Lesotho has a history of military intervention in politics, and some of the reforms were aimed at curbing their intervention. This latest action from the security sector suggests that this phenomenon has yet to be effectively curbed, and the threat of military or security intervention in the politics of Lesotho persists, ultimately destabilising politics in security.

The current challenge is also a reminder of the threat that possible floor crossing has to government stability. One of the reforms could prohibit floor crossing for the first three years after an election. However, as this reform has not been passed, there is a threat of disgruntled members of the RFP crossing the floor. A loss of six MPs would be enough to collapse the current coalition and bring with it political uncertainty in the kingdom.

Findings from a recent field research mission undertaken by ACCORD revealed that the stalling of reforms threatens the future of governance and political stability in Lesotho. There is increasing impatience about the slow pace of reforms, considering the investment and interest of foreign donors in the SADC-initiated process. Furthermore, some members of civil society have lost the hope that was present at the beginning of the reform process. As the delays persist, civil society is becoming sceptical about whether the contents of the bill will still reflect the original aspirations and inputs from the public consultation processes.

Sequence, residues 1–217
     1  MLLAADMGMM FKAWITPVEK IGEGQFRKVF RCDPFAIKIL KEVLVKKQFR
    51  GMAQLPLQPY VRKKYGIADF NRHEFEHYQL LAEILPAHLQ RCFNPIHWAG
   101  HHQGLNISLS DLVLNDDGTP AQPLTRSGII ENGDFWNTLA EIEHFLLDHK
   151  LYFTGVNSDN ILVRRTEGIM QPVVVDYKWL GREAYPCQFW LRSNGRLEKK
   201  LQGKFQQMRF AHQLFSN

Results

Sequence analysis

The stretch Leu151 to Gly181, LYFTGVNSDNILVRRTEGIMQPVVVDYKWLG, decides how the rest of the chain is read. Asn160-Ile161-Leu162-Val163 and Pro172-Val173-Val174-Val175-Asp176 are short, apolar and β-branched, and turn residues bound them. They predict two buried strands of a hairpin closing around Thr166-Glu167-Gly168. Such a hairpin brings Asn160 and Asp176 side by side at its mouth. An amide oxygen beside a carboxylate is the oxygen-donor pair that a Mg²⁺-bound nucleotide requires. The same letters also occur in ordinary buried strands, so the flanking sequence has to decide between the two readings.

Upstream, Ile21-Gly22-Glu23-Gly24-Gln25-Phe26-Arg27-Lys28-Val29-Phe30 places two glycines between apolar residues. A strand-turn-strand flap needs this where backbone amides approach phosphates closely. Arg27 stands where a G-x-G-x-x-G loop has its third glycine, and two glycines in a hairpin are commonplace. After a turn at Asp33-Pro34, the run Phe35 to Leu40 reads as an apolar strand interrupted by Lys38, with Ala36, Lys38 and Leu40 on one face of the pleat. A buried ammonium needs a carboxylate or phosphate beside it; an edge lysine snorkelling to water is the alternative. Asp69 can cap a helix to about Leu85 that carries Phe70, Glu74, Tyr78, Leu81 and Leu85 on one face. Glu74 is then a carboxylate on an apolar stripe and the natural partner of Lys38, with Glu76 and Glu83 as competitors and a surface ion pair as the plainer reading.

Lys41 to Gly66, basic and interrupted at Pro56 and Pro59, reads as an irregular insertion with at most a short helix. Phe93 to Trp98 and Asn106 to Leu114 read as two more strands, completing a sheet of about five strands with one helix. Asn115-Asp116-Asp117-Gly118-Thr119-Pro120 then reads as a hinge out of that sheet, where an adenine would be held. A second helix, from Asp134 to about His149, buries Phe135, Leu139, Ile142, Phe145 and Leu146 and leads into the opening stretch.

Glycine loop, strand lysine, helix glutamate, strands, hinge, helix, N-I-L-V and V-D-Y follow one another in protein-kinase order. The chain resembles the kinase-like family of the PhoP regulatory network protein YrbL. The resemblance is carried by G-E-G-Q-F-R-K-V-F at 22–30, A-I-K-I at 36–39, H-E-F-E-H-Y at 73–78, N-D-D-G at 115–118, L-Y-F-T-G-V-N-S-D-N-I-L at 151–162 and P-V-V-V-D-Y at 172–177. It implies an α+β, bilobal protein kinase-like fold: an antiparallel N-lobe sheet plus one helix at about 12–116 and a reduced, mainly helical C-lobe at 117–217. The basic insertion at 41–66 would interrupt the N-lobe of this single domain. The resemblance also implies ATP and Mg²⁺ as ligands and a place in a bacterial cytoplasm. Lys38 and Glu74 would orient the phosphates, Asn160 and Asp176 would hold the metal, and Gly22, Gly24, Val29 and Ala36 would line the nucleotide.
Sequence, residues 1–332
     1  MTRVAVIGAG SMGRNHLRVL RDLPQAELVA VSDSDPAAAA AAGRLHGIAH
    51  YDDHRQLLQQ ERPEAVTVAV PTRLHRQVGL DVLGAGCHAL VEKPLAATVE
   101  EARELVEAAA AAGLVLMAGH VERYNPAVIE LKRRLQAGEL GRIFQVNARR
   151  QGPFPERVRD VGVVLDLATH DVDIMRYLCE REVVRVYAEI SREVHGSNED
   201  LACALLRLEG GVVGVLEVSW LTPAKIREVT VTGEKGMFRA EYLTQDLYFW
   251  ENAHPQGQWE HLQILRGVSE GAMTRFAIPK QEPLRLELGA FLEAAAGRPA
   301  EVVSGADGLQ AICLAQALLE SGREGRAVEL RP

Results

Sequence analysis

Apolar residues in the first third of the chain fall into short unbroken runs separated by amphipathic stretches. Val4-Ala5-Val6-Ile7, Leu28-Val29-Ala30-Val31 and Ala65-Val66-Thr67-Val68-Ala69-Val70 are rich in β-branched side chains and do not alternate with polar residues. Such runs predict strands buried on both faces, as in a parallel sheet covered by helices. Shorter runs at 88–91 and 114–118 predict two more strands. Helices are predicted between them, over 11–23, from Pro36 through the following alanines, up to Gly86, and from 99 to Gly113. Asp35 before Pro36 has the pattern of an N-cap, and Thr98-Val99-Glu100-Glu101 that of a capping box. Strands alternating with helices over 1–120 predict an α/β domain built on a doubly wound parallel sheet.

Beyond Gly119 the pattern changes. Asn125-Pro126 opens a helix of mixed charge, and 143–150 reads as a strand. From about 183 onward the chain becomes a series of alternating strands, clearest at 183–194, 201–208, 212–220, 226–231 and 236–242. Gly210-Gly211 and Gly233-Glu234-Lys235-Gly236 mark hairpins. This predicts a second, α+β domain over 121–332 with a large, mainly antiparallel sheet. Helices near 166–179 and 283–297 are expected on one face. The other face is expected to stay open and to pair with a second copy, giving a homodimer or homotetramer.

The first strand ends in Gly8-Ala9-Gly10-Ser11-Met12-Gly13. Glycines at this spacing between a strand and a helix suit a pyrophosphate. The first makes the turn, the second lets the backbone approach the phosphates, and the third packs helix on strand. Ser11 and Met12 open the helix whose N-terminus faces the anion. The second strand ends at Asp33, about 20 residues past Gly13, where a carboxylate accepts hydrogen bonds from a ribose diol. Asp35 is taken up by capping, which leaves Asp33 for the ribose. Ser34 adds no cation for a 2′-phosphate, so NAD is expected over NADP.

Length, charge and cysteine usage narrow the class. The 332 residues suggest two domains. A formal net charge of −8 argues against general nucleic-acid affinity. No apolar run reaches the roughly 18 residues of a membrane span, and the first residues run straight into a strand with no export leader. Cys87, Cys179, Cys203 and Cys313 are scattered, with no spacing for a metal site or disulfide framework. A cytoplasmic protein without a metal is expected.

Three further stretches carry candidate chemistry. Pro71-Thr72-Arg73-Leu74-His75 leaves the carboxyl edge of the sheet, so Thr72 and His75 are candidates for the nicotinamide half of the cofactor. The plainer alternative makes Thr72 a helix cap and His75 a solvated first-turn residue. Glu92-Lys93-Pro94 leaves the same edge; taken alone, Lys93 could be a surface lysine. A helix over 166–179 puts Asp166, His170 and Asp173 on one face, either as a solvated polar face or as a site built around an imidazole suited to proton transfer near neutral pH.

The greater danger of political and governance uncertainty is that citizens may start to lose hope in democratic processes. A case in point is the local government elections in Lesotho of September 29, where public participation and enthusiasm were poor. Another threat to continued delays and uncertainty is that the security sector may become more decisive and take advantage of these governance loopholes.

Ultimately, the reform process is key to further consolidating democracy in Lesotho. Therefore, it is important that the bill reaches its initially intended conclusion to make the aspirations of Basotho a reality.

Bebington and Simelane are researchers at ACCORD. This article was first published on ACCORD